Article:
This guest post is by Roy King, who is a professor of psychiatry at Stanford University and a research colleague of Stanford geneticist and 23andMe scientific adviser Peter Underhill. Roy and Peter have been using genetics to trace the spread of agriculture from the Near East to Europe.
The question of how agriculture first arose and spread in Europe has perplexed archaeologists and geneticists alike for decades. Evidence for farming communities in Greece, Crete, the Balkans, Southern Italy, and Mediterranean France and Spain first appears in the archaeological record eight to nine thousand years ago with the appearance of domesticated wheat, barley, sheep, goats and cows, and a related culture featuring pottery and anthropomorphic figurines. Before this period, most of the indigenous people of Europe fished, hunted small game or foraged for their livelihood.But how did farming get to Europe in the first place? We know that 2,000 years before agriculture hit Europe, just after the end of the Ice Age, people living in the Near East had already developed farming, with the domestication of wild species of grasses, goats and cattle likely beginning in the fertile river valleys in present-day northern Iraq, Syria and southeastern Turkey. Near Eastern farmers also settled in villages and produced pottery and ceramic human figurines similar to the ones later found across Mediterranean Europe.So did the first farmers of the Near East hop into boats with their domesticated plants, animals and artistic motifs and colonize Mediterranean Europe? Or did native Europeans learn about farming through trade with the Near East and decide to adopt this agricultural economy too?
Genetic studies are starting to provide answers to this enduring question. Not only do genetic studies of sheep, goats, cows and wheat demonstrate that the European varieties are subtypes of the species found in the Near East, but data from the human Y chromosome suggest that people currently living in Southern Europe are descended in large part (at least through the paternal line) from the Near East. This suggests, at least for the Mediterranean areas of Europe, that the most probable scenario is that Near Eastern farmers did actually move into Europe, bringing farming with them.23andMe has a Y chromosome marker on its custom chip, rs34126399, which captures the spread of agriculture from the Near East to Europe. The G state at rs34126399 is found in most individuals carrying paternal haplogroup J2a, whose origin can ultimately be traced to Turkey 15,000 to 20,000 years ago. Southern Turkey is the likeliest source for the initial domestication of wheat.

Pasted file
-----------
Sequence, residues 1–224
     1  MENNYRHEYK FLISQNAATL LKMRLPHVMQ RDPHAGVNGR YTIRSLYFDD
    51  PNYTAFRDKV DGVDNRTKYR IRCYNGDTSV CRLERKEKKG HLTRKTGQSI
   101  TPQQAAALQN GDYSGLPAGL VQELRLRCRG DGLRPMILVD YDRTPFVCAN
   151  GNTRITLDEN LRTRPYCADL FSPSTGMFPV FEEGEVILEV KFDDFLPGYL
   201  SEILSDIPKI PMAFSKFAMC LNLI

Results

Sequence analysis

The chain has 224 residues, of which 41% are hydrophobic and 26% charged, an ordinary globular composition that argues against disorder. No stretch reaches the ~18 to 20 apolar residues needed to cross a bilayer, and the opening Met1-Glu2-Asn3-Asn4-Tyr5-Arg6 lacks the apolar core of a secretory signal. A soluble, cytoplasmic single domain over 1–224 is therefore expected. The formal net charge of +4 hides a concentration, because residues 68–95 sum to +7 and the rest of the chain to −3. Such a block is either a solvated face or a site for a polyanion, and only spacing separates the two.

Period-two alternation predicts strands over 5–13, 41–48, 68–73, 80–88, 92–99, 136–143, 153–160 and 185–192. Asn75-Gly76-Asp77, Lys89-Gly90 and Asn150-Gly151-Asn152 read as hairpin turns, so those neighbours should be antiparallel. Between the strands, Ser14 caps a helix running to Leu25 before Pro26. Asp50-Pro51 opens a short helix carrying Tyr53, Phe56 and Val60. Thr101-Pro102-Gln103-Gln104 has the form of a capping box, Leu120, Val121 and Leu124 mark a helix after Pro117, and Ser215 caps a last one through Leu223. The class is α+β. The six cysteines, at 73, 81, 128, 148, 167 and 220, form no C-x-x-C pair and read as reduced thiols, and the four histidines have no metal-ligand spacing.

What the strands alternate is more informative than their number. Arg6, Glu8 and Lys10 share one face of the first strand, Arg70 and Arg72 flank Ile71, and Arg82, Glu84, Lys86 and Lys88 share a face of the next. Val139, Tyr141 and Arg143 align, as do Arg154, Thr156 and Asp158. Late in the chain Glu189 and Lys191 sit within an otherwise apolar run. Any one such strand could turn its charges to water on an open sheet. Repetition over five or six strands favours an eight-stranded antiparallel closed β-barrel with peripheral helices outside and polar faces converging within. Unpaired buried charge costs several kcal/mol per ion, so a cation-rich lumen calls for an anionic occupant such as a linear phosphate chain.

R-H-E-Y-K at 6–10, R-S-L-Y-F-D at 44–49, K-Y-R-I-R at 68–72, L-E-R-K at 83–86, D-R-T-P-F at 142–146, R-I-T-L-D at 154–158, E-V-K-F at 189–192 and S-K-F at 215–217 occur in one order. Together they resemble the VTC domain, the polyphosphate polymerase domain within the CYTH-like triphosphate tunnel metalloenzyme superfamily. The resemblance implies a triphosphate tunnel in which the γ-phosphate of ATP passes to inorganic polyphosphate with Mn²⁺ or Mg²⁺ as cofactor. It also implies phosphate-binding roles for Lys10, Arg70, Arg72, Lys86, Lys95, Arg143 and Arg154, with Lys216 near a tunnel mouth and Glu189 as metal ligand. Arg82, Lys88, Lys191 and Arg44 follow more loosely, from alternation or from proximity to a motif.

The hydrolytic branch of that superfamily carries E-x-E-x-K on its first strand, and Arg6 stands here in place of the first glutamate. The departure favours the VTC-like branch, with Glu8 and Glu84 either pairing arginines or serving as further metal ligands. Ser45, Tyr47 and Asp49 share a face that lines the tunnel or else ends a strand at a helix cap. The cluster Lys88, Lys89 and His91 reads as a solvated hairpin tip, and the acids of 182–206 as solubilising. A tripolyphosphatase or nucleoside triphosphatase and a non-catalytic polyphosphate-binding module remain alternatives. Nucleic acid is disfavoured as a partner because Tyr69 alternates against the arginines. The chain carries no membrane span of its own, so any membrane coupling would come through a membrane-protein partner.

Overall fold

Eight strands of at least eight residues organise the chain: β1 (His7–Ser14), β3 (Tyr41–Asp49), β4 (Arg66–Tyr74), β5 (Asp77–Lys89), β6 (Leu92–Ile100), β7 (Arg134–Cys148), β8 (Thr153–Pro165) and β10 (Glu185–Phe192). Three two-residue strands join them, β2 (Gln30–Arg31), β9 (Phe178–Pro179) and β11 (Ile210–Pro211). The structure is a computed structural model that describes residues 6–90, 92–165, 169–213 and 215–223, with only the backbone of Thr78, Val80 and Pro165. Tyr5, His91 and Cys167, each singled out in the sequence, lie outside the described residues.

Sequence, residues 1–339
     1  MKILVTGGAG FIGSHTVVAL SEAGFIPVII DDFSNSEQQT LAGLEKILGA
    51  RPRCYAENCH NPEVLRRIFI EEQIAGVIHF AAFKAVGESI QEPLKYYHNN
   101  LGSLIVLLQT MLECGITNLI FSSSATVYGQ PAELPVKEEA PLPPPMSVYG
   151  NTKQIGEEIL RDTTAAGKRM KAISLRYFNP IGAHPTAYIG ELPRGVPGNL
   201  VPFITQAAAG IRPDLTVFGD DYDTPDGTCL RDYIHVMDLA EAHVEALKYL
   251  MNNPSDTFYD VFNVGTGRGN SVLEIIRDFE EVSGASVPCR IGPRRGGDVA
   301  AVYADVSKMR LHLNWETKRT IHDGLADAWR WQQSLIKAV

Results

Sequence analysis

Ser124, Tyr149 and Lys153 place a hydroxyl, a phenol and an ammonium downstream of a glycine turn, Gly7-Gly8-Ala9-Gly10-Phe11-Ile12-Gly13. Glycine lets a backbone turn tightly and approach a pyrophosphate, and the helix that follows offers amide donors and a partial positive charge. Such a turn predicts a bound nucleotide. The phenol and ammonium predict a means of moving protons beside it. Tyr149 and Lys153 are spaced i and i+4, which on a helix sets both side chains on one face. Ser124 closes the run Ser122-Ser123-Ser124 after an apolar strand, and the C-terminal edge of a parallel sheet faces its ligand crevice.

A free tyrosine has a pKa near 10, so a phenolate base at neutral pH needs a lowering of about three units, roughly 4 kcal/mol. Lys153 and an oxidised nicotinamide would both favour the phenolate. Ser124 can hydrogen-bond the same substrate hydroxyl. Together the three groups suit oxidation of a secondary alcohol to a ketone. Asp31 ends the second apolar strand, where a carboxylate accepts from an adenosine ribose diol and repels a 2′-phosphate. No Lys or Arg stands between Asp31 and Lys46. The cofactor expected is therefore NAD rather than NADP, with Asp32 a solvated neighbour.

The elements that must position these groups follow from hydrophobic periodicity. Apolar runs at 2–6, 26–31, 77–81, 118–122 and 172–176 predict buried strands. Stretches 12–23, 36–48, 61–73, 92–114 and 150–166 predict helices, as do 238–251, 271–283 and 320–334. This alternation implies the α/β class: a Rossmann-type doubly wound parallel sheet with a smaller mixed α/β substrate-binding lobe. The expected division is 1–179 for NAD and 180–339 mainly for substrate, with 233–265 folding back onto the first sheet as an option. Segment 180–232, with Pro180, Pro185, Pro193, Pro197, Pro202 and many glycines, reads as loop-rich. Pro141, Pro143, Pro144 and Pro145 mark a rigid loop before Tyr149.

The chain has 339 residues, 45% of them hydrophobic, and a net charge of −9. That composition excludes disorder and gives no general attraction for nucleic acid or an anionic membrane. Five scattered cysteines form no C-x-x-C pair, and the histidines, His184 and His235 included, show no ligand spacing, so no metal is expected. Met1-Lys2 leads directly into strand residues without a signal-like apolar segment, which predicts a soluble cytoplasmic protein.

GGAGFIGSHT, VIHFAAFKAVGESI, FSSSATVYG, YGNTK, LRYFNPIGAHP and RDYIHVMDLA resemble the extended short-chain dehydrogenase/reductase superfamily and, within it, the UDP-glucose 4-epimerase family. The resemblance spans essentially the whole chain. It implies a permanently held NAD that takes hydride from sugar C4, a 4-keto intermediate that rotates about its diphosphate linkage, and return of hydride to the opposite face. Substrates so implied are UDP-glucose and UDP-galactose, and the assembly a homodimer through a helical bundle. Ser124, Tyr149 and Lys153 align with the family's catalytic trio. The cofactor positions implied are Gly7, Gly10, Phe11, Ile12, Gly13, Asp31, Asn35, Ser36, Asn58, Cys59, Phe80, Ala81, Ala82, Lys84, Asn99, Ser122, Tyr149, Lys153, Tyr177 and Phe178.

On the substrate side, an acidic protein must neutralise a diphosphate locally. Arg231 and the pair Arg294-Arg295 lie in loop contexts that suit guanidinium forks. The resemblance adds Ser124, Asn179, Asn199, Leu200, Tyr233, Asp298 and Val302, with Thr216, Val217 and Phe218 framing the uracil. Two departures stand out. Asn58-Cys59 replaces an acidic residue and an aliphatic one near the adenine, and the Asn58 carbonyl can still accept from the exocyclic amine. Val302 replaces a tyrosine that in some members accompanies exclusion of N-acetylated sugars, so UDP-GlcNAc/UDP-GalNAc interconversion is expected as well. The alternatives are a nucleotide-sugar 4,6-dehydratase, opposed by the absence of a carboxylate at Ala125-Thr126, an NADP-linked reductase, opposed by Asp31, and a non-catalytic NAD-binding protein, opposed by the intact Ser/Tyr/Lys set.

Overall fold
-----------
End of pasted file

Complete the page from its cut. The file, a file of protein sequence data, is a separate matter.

In the millennia after its appearance in Turkey, rs34126399G then experienced a population growth and spread westward into the eastern Mediterranean and eastward into Mesopotamia, Iran and northern Egypt. The map to the right shows the present-day distribution of rs34126399G in Europe and the Middle East.In addition to its high frequency in the Near East, rs34126399G is present in 10 to 25% of the population of southern Greece and Italy, Crete, Sicily, Bulgaria and Romania. The concentration is an indication of the early spread of farming to these regions, where the climate of wet winters and hot dry summers suited the varieties of winter wheat that were first domesticated.Since the initial movement of people associated with the origins of agriculture nearly 10,000 years ago, there has been persistent contact and trade throughout the Mediterranean. Just think of the Mediterranean diet – rich in olive oil, goat cheese, and red wine – all of whose origins can be traced to these regions. One archaeologist described the Mediterranean Sea figuratively as a giant bathtub that for millennia has permitted easy seafaring transit from one area to another. The genetic evidence appears to support that analogy.